PRINT

February 16, 2017

Things to ask your GP

Do you have pain, stress, anxiety or insomnia? You could be prescribed addictive medication

What you need to ask your doctor

Book a double (half hour) appointment with your doctor to make sure you have time to properly discuss your treatment. You could ask your doctor the below questions.

  1. What are the side effects of my medication?
    • Is it addictive?
    • Is there anything I shouldn’t do while taking the medication? (Working, driving, looking after children etc?)
  2. How can I avoid these side effects?
    • How often should I take the medication?
    • How much should I take?
    • For how long?
    • Can I drink alcohol?
    • Can I take my other medication? 
  1. Do I have to take every pill in the prescription?
    • What should I do with leftover tablets?
    1. What should I do if I’m getting side effects?
      • What are the warning signs of addiction?
      • Are the side effects reversible?
    1. What’s the plan for dealing with my problem long term?
      • How can I reduce then stop taking the medication?
      • How often should I come back and see you?
      • What else could I do to help my condition?
      • Can you refer me to a pain management clinic, sleep clinic, physiotherapist, psychologist, dietitian? How much do they cost? Can I use the mental health or physiotherapist Medicare rebate?

Why should I question my doctor?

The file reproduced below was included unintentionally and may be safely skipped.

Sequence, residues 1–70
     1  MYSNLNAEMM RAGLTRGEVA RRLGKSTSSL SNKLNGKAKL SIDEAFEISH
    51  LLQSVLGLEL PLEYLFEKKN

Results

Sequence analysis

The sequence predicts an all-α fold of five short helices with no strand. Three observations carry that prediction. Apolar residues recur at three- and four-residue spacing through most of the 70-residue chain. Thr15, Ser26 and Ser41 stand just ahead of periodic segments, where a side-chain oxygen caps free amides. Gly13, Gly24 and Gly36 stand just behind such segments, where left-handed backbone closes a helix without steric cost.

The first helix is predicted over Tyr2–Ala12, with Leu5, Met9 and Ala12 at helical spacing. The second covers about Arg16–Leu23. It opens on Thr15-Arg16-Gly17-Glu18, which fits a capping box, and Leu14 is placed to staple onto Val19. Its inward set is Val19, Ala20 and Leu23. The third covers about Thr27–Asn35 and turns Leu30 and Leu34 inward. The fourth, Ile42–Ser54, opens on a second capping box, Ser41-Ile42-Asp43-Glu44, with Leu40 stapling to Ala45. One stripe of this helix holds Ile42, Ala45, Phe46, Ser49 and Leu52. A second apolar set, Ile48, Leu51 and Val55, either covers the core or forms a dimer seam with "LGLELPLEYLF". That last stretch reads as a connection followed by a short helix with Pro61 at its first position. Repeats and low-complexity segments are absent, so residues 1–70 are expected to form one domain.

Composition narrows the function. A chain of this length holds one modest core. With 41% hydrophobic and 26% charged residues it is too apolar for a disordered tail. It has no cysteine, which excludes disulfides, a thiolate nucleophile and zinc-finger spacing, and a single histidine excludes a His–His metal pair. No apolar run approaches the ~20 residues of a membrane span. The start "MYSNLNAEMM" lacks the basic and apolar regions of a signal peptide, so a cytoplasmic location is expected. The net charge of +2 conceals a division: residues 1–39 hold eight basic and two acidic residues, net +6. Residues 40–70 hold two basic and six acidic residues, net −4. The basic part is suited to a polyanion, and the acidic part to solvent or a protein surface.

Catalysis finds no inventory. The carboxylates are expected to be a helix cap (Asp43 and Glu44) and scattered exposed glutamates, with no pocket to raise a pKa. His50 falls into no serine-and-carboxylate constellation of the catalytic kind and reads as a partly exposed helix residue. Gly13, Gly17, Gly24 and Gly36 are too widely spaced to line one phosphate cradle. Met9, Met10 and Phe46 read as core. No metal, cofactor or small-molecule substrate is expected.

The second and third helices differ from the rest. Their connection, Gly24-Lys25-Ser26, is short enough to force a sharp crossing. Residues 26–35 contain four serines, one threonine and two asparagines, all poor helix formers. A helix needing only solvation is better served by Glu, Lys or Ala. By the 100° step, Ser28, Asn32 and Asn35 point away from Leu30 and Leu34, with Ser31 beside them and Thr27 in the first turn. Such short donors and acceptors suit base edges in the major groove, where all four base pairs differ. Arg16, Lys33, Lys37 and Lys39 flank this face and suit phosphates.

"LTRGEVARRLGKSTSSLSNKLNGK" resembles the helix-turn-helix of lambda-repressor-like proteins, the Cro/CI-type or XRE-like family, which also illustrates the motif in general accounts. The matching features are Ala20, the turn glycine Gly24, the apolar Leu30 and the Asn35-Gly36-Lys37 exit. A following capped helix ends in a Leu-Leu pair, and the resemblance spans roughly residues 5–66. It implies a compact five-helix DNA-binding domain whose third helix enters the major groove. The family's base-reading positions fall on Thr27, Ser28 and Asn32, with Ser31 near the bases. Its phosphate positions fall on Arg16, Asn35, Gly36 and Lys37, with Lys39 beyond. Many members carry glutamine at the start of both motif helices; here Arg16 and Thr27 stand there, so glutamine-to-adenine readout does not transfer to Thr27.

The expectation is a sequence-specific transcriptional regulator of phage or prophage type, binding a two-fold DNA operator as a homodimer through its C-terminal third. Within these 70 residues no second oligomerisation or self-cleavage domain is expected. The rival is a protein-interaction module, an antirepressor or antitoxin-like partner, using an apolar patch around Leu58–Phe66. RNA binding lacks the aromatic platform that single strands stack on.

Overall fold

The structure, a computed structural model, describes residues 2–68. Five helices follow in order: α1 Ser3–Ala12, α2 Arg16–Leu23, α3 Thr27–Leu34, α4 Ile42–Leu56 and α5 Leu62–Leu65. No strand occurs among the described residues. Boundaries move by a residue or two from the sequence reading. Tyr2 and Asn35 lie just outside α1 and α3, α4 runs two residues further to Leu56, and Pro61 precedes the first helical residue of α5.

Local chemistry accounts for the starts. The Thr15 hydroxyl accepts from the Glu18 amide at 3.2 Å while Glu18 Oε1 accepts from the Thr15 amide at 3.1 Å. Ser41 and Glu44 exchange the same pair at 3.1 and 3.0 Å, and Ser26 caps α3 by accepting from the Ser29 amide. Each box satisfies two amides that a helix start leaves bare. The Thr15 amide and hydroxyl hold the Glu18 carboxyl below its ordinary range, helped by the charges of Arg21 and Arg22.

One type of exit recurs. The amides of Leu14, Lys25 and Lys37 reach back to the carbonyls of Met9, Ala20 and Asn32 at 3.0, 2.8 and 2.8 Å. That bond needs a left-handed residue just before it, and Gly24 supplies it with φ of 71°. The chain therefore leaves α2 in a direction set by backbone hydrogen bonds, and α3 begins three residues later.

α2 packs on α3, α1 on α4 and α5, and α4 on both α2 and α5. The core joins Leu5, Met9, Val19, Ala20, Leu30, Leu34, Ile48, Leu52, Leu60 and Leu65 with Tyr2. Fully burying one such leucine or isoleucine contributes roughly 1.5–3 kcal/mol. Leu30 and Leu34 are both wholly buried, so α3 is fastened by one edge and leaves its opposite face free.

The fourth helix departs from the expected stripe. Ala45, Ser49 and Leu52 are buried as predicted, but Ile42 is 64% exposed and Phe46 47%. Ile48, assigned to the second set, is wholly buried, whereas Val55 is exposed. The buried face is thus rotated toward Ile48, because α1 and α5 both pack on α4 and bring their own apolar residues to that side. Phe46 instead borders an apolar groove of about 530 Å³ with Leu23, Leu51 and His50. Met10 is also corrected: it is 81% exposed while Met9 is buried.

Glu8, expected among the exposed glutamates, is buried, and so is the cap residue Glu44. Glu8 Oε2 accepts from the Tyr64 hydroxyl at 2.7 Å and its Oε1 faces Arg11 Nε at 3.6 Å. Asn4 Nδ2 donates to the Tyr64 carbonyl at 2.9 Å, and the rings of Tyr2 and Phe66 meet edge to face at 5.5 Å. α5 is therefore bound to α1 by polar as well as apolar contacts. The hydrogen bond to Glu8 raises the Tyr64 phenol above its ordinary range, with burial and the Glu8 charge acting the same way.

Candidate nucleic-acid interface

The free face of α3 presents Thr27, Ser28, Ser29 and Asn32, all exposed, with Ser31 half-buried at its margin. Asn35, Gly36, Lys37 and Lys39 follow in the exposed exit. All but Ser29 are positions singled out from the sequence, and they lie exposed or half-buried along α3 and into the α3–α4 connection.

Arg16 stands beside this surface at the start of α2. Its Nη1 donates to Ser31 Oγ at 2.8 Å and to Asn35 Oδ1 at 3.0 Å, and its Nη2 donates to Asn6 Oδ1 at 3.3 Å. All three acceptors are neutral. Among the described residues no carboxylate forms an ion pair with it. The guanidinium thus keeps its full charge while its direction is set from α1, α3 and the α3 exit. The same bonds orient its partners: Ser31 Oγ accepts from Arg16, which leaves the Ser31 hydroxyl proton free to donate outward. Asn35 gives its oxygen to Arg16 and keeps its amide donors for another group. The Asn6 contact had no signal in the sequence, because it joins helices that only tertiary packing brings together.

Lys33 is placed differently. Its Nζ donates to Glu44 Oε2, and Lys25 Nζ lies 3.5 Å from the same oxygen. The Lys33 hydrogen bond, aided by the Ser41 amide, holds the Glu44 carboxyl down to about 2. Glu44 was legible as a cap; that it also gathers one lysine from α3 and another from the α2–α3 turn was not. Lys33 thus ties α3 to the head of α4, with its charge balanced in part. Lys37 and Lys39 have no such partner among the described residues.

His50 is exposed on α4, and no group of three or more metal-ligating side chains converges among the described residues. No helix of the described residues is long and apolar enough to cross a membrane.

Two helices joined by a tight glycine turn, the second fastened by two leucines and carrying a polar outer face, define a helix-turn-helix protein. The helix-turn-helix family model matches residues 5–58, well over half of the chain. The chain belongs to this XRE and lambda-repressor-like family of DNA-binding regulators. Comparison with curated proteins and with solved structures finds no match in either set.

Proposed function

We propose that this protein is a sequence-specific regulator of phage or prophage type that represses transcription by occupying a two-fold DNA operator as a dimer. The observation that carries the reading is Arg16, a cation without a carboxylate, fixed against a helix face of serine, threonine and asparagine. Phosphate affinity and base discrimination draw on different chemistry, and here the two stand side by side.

We have a problem in Australia with the over prescription of some medications, which is causing many of us unnecessary side effects including addiction and overdose. Medication overdoses are causing more deaths than the road toll.

Medication may be right for you in the short term, but there may be some risks. Research suggests medication shouldn’t be used regularly for very long (3 days for strong painkillers and 4 weeks for relaxants like Valium®) because it:

  • It may be addictive (some people can become addicted quicker than others)
  • Could give you stomach and bowel problems including constipation, reduced sex drive and fertility, drowsiness, irritability, mood swings, depression, muscle tension, headaches and difficulty sleeping
  • May stop working after a while

Studies show that regular exercise, physiotherapy, healthy eating, relaxation techniques and counselling may be beneficial in helping to manage your condition.